Sen. Ron Wyden (D-OR) on Thursday asked Attorney General William Barr and FBI Director Christopher Wray to refuse to cooperate with a Senate Finance Committee investigation request for records voluntarily provided to the FBI by former Democratic National Committee consultant Alexandra Chalupa.
Wyden said turning over the records would have a “chilling effect” on victims hacked by foreign governments and prevent them from voluntarily turning over evidence in the future, according to the Daily Beast.
After noticing she had been the potential victim of a Russian cyber-attack in 2016, Chalupa informed the FBI and allowed agents to digitally image her laptop and smartphone in connection with the investigation into Russian election meddling.
Sens. Chuck Grassley (R-Iowa) and Ron Johnson (R-Wisc.), the Republican chairs of the Senate Finance Committee and the Senate Homeland Security and Governmental Affairs Committee, wrote a letter in November to Barr and Wray seeking the digital images of Chalupa’s devices as part of an investigation into the debunked conspiracy theory that Ukraine meddled in the 2016 presidential election.
“If this reporting is accurate, it appears that the DOJ and FBI have in their possession material relevant to our Committees’ ongoing investigation into collusive actions Chalupa and the DNC took to use foreign government sources to undermine the Trump campaign during the 2016 election,” the letter stated.
Rep. Devin Nunes (R-Calif.) has repeatedly accused Chalupa of “work[ing] with Ukrainian embassy officials to spread dirt on the Trump Campaign.” She, in turn, has denied this repeatedly.
“During the 2016 US election, I was a part-time consultant for the DNC running an ethnic engagement program,” Chalupa said in a statement before. “I was not an opposition researcher for the DNC, and the DNC never asked me to go to the Ukrainian Embassy to collect information.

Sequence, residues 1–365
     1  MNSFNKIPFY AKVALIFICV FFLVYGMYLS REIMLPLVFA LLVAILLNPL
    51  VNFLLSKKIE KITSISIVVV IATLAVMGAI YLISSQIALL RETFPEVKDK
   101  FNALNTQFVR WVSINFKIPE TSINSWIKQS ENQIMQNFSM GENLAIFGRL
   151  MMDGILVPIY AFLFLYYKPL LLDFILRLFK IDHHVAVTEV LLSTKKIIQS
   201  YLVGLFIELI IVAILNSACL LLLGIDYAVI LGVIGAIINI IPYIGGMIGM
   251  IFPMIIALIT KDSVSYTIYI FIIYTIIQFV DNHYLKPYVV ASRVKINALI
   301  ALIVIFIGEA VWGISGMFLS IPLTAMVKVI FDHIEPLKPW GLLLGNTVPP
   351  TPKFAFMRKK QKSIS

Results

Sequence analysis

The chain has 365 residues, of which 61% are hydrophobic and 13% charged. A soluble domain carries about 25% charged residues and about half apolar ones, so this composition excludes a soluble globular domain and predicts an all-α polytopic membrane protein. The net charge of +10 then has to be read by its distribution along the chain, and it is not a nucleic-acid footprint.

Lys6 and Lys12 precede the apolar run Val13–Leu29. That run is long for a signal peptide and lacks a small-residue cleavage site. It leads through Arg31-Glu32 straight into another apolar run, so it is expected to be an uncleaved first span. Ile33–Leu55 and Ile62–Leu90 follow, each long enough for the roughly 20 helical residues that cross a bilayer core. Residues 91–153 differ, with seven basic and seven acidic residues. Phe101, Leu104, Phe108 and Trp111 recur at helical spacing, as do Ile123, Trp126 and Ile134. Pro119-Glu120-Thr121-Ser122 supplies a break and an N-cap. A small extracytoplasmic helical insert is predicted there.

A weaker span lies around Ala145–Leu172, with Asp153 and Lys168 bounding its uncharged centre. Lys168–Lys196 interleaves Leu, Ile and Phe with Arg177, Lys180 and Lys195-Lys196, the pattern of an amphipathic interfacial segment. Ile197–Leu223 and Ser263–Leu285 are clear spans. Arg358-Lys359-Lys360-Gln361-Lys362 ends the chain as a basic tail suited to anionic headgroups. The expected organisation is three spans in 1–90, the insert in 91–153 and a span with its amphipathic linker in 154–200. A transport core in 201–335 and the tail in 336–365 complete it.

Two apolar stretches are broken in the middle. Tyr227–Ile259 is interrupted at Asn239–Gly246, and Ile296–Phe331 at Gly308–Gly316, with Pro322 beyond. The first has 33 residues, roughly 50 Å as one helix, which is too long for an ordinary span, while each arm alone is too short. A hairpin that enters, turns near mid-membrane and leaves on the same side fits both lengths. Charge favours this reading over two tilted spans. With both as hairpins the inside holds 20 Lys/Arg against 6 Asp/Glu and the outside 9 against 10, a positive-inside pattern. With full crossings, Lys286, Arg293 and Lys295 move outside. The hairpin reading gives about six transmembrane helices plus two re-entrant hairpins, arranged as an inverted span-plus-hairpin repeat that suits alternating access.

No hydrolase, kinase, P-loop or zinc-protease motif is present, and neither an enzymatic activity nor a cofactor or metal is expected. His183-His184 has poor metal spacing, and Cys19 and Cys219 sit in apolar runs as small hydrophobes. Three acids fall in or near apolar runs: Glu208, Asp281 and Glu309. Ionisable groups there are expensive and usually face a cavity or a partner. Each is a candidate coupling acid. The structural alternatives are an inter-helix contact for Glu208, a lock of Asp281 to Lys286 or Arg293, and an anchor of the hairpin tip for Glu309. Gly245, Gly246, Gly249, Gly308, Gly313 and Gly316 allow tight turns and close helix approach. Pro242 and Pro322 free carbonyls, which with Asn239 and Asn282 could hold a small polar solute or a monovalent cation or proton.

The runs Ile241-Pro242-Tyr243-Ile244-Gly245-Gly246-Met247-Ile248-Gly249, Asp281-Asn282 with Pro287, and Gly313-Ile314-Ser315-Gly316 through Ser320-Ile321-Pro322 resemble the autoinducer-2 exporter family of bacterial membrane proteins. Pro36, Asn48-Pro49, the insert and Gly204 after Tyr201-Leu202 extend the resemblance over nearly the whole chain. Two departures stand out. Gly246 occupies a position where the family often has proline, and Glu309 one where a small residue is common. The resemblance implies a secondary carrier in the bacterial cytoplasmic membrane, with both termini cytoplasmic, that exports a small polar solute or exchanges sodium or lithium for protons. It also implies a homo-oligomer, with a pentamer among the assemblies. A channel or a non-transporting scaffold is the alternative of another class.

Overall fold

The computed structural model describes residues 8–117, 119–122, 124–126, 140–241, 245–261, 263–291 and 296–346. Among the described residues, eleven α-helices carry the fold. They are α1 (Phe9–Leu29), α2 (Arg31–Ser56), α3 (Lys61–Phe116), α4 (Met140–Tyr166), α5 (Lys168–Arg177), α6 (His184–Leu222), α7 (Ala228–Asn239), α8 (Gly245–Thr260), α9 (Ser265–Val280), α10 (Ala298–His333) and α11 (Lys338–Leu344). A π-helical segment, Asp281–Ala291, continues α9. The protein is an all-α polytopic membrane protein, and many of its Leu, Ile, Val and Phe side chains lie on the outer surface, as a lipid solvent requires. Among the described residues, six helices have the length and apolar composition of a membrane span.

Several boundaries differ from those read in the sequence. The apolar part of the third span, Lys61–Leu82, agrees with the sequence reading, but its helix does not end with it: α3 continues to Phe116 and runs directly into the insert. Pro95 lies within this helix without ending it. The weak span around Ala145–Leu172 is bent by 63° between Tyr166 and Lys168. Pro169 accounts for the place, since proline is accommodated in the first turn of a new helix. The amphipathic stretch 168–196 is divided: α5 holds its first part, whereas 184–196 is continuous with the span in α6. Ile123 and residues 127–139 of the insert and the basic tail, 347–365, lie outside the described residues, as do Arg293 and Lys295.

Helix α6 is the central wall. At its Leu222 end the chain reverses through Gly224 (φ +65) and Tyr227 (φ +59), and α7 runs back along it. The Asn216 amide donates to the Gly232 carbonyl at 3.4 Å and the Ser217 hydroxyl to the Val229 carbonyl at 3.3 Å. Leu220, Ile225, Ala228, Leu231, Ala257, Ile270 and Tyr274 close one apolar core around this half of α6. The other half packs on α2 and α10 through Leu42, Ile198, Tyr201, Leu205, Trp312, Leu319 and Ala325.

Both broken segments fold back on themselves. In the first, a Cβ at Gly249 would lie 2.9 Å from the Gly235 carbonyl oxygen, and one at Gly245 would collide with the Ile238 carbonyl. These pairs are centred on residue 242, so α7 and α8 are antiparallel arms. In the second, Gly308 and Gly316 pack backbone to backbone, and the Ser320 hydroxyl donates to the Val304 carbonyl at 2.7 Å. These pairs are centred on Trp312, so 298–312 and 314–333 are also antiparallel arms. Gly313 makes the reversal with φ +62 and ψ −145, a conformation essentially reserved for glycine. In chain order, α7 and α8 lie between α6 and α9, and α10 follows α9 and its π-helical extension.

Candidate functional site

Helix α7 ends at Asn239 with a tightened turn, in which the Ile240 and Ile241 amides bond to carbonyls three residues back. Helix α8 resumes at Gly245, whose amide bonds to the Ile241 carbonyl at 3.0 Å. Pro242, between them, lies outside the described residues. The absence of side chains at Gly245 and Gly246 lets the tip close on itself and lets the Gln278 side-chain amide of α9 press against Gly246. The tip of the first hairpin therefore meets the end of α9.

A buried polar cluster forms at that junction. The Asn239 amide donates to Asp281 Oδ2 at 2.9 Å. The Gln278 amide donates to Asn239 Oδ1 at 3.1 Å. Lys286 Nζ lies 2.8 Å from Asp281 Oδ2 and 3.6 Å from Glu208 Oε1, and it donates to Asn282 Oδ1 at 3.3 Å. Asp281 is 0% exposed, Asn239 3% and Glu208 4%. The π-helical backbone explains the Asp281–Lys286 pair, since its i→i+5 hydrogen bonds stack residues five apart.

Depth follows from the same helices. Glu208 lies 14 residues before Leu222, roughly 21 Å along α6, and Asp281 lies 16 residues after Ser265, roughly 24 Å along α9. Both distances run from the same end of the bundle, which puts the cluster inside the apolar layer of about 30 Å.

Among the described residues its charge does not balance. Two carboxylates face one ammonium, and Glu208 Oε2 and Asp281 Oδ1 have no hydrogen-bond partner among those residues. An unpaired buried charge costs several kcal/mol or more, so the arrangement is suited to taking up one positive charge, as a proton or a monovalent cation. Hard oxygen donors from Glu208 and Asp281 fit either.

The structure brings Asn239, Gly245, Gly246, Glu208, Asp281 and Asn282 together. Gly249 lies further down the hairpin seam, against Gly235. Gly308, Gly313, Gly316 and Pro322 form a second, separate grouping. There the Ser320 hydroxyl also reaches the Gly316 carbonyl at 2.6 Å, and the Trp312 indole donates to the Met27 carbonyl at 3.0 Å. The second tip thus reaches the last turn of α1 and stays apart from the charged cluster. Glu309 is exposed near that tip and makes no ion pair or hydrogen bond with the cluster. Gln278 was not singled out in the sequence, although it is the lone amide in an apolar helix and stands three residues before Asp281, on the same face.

Grassley and Johnson’s letter was sent one day after former National Security Council (NSC) official and Russia expert Dr. Fiona Hill testified before Congress that the CrowdStrike conspiracy theory was a “fictional narrative that has been perpetrated and propagated by the Russian security services themselves.”
As previously reported by Law&Crime, Hill concisely explained it was “beyond dispute” that Russia, not Ukraine, was the foreign power that “systematically attacked” America’s democratic institutions in the lead up to the presidential election, noting this was also the conclusion of U.S. intelligence agencies and a bipartisan congressional report. She also warned members of Congress of the threat they pose to national security in promulgating baseless conspiracy theories.
Wyden urged the executive branch agencies not to cooperate with the investigation, which he called an “effort to legitimize Russian propaganda.”
“The Senators’ request will have a chilling effect on the victims of nation-state cyber-attacks and would discourage them from seeking law enforcement assistance, thereby jeopardizing our national security, limiting our ability to respond to sophisticated cyber-attacks, and undermining the civil liberties of American citizens,” Wyden wrote in the letter.
“The FBI is not a political weapon,” he continued, “and should not be pressured into violating a citizen’s civil liberties for political gain.”
[image via Chip Somodevilla/Getty Images]